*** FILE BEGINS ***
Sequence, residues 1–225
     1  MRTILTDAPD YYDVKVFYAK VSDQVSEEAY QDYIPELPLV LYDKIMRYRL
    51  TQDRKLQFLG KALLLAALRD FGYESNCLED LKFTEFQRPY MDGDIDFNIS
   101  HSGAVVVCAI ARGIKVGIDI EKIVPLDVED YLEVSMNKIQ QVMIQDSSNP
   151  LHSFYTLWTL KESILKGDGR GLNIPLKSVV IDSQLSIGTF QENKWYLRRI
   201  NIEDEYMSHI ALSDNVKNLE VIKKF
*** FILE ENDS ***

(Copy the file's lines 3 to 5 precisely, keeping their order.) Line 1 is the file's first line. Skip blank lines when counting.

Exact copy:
    51  TQDRKLQFLG KALLLAALRD FGYESNCLED LKFTEFQRPY MDGDIDFNIS
   101  HSGAVVVCAI ARGIKVGIDI EKIVPLDVED YLEVSMNKIQ QVMIQDSSNP
   151  LHSFYTLWTL KESILKGDGR GLNIPLKSVV IDSQLSIGTF QENKWYLRRI